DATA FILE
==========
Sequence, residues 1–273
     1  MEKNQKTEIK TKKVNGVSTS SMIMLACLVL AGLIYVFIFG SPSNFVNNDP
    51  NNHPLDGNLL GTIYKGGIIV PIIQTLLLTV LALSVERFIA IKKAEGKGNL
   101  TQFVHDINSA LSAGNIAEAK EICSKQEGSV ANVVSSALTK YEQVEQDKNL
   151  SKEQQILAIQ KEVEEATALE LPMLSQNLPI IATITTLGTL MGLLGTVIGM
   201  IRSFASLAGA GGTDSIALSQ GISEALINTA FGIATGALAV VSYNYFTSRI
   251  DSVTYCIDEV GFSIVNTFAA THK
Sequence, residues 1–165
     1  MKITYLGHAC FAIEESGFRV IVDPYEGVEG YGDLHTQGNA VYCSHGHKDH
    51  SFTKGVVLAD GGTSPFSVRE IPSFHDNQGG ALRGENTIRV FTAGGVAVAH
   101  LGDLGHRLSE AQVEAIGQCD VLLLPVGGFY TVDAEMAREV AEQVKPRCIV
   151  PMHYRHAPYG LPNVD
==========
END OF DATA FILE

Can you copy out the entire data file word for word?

Sequence, residues 1–273
     1  MEKNQKTEIK TKKVNGVSTS SMIMLACLVL AGLIYVFIFG SPSNFVNNDP
    51  NNHPLDGNLL GTIYKGGIIV PIIQTLLLTV LALSVERFIA IKKAEGKGNL
   101  TQFVHDINSA LSAGNIAEAK EICSKQEGSV ANVVSSALTK YEQVEQDKNL
   151  SKEQQILAIQ KEVEEATALE LPMLSQNLPI IATITTLGTL MGLLGTVIGM
   201  IRSFASLAGA GGTDSIALSQ GISEALINTA FGIATGALAV VSYNYFTSRI
   251  DSVTYCIDEV GFSIVNTFAA THK
Sequence, residues 1–165
     1  MKITYLGHAC FAIEESGFRV IVDPYEGVEG YGDLHTQGNA VYCSHGHKDH
    51  SFTKGVVLAD GGTSPFSVRE IPSFHDNQGG ALRGENTIRV FTAGGVAVAH
   101  LGDLGHRLSE AQVEAIGQCD VLLLPVGGFY TVDAEMAREV AEQVKPRCIV
   151  PMHYRHAPYG LPNVD